The One Act of Heroism We Never Acknowledge Is the Nuclear Family

The One Act of Heroism We Never Acknowledge Is the Nuclear Family, by Kira Davis.

In these days of coronavirus, the word “hero” has been used non-stop to describe doctors and nurses working on the “front lines”. We’re even calling our teachers heroes. …

It is far more difficult for some starry-eyed, millennial opinion writer with a brand new thesaurus and a gig at The New York Times to look at a father schlepping back and forth to his office job every day and see a hero. That writer probably sees a bored man, or a defeated man, or an uninteresting man who doesn’t have an immediate impact on those around him….certainly not the way a doctor does. His heroism is invisible, because you can’t make a commercial out of it. His service, his bravery is spread out over an entire lifetime, not just one crisis.

The commitment to the nuclear family is one of the most heroic acts in our culture and yet it remains invisible…to the media, to celebrities making thirsty social media posts thanking the “heroes” four times a day, to our elected officials.

In fact, the traditional family seems to only ever be insulted and derided in pop culture these days. I suppose that is because so many of our coastal reporters and celebrities don’t have families of their own. They don’t know how to quantify the sacrifice it takes to raise a family and maintain a marriage. It just looks like a relic of a different era to them, instead of the essential foundation of a healthy and prosperous society. …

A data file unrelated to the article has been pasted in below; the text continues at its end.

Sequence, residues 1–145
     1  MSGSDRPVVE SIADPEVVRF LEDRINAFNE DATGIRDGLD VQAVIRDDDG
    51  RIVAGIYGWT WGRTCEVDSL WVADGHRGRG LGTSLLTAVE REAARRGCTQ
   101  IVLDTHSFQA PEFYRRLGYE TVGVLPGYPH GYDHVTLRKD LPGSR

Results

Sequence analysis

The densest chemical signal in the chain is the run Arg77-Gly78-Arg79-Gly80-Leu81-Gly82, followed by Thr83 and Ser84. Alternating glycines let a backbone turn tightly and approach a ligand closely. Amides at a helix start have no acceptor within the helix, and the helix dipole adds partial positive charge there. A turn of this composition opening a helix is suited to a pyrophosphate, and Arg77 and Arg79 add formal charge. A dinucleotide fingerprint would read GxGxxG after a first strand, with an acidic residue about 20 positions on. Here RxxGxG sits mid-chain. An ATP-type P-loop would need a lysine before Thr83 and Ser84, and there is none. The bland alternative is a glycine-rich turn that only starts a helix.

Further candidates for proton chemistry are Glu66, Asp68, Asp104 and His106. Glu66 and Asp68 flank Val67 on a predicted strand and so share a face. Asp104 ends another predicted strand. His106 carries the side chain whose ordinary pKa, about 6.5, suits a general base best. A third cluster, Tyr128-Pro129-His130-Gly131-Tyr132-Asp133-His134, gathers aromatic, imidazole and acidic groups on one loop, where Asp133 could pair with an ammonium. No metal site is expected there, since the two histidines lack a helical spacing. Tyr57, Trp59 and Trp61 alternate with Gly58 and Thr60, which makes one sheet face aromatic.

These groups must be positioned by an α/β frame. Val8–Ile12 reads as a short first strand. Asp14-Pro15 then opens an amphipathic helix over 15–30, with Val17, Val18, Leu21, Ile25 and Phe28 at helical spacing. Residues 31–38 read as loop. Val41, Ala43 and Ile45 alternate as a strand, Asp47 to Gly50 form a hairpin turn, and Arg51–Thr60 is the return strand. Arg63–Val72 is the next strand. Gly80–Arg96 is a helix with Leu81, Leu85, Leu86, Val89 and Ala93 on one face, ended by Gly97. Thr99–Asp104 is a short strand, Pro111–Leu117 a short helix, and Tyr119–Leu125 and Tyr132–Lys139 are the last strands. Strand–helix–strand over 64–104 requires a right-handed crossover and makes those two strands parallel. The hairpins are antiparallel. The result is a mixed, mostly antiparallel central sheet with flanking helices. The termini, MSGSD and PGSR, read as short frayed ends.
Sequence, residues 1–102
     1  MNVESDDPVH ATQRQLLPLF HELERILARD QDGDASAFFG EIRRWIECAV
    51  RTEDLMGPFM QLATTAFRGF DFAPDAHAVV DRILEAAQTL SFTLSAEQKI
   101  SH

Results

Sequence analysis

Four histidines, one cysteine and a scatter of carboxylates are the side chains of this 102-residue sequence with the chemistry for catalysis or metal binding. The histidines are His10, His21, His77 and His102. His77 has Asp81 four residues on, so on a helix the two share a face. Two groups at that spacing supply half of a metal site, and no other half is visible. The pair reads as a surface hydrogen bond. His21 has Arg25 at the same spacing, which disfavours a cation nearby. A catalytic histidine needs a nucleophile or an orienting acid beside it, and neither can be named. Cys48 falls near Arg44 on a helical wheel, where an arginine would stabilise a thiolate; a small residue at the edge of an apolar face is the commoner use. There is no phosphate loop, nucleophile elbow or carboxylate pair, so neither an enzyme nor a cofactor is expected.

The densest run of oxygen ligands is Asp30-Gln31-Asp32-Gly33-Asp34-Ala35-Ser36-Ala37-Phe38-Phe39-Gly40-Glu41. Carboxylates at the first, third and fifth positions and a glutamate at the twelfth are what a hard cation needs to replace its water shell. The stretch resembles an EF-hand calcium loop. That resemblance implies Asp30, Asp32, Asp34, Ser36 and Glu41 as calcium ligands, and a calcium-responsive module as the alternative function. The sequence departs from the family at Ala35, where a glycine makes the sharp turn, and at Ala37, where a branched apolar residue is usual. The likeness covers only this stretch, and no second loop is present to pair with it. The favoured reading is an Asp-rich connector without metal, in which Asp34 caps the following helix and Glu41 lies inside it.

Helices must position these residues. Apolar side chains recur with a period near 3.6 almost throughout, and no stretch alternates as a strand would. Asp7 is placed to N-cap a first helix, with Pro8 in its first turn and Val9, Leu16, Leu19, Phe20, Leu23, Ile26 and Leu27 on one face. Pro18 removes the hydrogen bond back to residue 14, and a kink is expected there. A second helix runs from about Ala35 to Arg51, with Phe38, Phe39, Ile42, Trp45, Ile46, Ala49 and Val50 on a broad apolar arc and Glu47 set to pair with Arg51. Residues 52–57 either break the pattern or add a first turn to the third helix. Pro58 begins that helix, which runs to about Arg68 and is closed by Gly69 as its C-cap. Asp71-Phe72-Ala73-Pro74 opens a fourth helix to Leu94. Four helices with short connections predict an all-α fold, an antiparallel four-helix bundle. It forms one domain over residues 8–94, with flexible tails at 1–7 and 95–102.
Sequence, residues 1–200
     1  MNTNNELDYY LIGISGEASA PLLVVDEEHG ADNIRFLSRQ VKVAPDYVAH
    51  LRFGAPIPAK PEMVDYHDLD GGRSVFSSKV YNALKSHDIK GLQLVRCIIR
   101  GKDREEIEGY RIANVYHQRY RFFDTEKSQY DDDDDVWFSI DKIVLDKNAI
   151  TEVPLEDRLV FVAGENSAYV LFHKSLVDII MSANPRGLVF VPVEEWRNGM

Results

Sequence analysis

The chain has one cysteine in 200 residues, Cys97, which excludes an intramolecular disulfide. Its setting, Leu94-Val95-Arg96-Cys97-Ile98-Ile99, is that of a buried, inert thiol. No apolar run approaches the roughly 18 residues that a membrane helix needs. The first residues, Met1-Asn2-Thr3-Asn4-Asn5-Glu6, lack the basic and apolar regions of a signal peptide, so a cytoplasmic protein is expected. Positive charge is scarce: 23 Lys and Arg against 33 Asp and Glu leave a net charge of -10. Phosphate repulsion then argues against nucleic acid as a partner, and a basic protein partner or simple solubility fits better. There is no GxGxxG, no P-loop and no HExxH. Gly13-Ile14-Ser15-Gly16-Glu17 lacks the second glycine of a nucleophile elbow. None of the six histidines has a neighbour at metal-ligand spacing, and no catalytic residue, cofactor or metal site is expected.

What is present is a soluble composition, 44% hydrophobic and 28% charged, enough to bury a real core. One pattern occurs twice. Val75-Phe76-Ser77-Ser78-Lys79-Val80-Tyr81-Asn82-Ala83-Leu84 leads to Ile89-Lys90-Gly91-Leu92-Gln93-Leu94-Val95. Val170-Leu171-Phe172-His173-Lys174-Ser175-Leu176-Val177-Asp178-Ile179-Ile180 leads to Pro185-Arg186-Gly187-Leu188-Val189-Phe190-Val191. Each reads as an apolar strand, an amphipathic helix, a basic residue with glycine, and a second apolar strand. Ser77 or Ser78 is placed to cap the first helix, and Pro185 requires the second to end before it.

There is no “great society” without the nuclear family (one that includes children or not). Statistically, it is one of the brightest indicators of success and I’m sorry that we live in such fragile times that to even suggest the nuclear model is the most effective model sends scores of wounded and battle-weary mothers and divorcees into defensive rages. I’m sick of always having to qualify common sense arguments by first having to appease and acknowledge all of the people who have had very different experiences.